Major Jones Pops the Question

Written Text

William Tappan Thompson

Major Jones Pops the Question

Pineville, December 27th, 1842.
To Mr. Thompson: — Dear Sir

Crismus is over, and the thing’s ded. You know I told you in my last letter I was gwine to bring Miss Mary up to the chalk a Crismus. Well, I done it, slick as a whistle, though it come mighty nigh bein a serious undertakin. But I’ll tell you all about the whole circumstance.

The fact is, I’s made my mind up more’n twenty times to jest go and come rite out with the whole bisness, but whenever I got whar she was, and whenever she looked at me with her witchin eyes, and kind o’ blushed at me, I always felt sort o’ skeered and fainty, and all what I made up to tell her was forgot, so I couldn’t think of it to save me. But you’s a married man, Mr. Thompson, so I couldn’t tell you nothin bout poppin the question, as they call it. Its a mighty grate favor to ax of a rite pretty gall, and to people as aint used to it, it goes monstrous hard, don’t it? They say widders don’t mind it no more’n nothin. But I’m making a transgression as the preacher ses.

Crismus eve I put on my new suit and shaved my face as slick as a smoothin iron and went over to old Miss Stallionses. As soon as I went into the parler whar they was all satin round the fire, Miss Carline and Miss Kesiah both laughed rite out—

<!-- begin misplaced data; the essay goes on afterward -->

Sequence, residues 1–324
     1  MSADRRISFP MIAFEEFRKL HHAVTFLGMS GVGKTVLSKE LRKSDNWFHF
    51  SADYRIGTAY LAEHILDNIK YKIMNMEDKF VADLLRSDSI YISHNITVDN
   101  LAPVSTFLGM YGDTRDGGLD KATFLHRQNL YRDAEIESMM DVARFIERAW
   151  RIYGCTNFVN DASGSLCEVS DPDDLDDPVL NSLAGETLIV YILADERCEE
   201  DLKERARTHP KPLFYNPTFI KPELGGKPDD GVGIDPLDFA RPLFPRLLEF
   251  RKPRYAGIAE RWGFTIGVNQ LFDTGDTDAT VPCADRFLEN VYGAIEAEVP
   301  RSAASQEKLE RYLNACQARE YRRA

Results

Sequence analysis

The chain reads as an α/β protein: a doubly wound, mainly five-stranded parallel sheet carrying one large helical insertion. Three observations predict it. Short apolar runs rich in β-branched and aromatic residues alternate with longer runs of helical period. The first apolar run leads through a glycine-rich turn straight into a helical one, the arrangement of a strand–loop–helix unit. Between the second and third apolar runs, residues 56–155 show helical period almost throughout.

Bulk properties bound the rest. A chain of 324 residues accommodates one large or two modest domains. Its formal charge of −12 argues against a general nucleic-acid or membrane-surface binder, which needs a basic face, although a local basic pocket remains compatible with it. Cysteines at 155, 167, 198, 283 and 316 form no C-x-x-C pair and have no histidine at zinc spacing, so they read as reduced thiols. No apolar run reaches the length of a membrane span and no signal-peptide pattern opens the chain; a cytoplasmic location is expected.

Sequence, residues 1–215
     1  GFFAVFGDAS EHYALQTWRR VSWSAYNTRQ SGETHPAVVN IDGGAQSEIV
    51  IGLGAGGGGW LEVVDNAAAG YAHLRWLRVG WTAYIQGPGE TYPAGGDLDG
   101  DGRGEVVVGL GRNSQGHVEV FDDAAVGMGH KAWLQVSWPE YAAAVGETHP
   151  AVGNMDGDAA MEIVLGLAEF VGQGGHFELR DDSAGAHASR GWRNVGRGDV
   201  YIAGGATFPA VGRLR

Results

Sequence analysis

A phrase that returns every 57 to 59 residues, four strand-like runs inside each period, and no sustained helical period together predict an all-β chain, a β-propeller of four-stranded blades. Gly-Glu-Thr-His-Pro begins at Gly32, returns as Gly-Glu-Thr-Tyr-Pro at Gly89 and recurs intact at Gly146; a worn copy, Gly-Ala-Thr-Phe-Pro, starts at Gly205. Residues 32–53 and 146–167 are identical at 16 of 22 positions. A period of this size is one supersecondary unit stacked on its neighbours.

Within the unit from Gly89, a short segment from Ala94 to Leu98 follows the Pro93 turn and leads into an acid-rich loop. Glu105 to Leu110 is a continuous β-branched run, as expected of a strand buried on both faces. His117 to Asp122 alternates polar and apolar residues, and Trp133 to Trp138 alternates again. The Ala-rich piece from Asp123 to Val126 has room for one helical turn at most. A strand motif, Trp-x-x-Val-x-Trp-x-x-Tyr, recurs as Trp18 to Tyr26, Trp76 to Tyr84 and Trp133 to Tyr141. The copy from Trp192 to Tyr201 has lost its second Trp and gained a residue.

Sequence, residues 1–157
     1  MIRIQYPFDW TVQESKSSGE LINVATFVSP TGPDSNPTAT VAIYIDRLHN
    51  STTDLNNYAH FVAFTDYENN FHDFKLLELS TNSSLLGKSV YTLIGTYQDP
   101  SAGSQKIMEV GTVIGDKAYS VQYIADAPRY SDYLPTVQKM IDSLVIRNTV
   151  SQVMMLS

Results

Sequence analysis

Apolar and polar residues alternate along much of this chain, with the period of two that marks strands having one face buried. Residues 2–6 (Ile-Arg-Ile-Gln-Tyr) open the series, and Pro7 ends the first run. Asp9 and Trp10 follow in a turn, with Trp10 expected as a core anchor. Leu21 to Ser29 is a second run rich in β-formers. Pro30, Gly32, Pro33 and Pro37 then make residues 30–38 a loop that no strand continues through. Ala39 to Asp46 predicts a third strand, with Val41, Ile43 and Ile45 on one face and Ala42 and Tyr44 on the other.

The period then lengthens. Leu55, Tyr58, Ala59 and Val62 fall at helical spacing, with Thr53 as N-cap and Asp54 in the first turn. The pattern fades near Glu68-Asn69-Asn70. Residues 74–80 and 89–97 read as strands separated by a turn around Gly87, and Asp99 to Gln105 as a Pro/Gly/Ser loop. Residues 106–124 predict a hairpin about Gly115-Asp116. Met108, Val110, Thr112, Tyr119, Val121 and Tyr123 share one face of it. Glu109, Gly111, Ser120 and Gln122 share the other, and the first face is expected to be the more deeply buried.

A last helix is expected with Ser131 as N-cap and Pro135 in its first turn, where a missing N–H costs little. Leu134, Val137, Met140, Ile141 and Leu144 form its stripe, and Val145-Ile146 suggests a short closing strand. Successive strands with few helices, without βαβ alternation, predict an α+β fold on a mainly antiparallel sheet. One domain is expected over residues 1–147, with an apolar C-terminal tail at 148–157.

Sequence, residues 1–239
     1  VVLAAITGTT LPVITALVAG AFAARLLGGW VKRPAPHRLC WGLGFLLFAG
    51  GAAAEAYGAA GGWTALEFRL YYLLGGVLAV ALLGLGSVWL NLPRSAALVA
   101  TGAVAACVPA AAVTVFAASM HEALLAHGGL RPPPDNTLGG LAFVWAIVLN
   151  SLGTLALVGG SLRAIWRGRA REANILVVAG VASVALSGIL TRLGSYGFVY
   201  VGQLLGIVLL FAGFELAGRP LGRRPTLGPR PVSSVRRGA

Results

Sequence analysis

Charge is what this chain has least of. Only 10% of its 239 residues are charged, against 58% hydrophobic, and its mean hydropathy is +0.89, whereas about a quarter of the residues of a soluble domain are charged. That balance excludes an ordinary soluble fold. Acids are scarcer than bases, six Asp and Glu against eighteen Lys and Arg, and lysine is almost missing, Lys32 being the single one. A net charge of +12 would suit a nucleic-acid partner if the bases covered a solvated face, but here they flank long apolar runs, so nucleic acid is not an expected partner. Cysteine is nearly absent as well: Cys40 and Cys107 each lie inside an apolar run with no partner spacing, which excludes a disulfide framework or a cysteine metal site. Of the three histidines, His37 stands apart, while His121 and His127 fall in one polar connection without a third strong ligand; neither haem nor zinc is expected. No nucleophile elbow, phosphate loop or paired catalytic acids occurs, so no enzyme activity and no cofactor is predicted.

“There, there,” ses they, “I told you so, I knew it would be Joseph.”

“What’s I done, Miss Carline,” ses I.

“You come under little sister’s chicken bone, and I do blieve she knew you was cumin when she put it over the dore.”

“No I didn’t—I didn’t no such thing, now,” ses Miss Mary, and her face blushed red all over.

“Oh, you needn’t deny it,” ses Miss Kesiah, “you ‘long to Joseph now, jest as sure as ther’s any charm in chicken bones.”

I knowd that was a first rate chance to say something, but the dear little creater looked so sorry and kep blushin so, I couldn’t say nothin zactly to the pint, so I tuck a chair and reached up and tuck down the bone and put it in my pocket.

“What are you gwine to do with that old bone now, Majer?” ses Miss Mary.

“I’m gwine to keep it as long as I live,” ses I, “as a Crismus present from the handsomest gall in Georgia.”

When I sed that, she blushed worse and worse.

“Aint you shamed, Majer?” ses she.

“Now you ought to give her a Crismus gift, Joseph, to keep all her life,” ses Miss Carline.

“Ah,” ses old Miss Stallions, “when I was a gall we used to hang up our stockins—”

“Why, mother!” ses all of ‘em, “to say stockins rite afore....”

Then I felt a little streaked too, cause they was all blushin as hard as they could.

“Highty-tity!” ses the old lady, “what finement. I’d like to know what harm ther is in stockins. People now-a-days is gittin so mealy mouthed they can’t call nothin by its name, and I don’t see as they’s any better than the old time people was. When I was a gall like you, child, I use to hang up my stockins and git ‘em full of presents.”

The gals kep laughin.

“Never mind,” ses Miss Mary, “Major’s got to give me a Crismus gift—won’t you Majer?

“Oh, yes,” ses I, “you know I promised you one.”

“But I didn’t mean that,” ses she.

“I’ve got one for you, what I want you to keep all your life, would take a two bushel bag to hold it,” ses I.

“Oh, that’s the kind,” ses she.

“But will you keep it as long as you live?” ses I.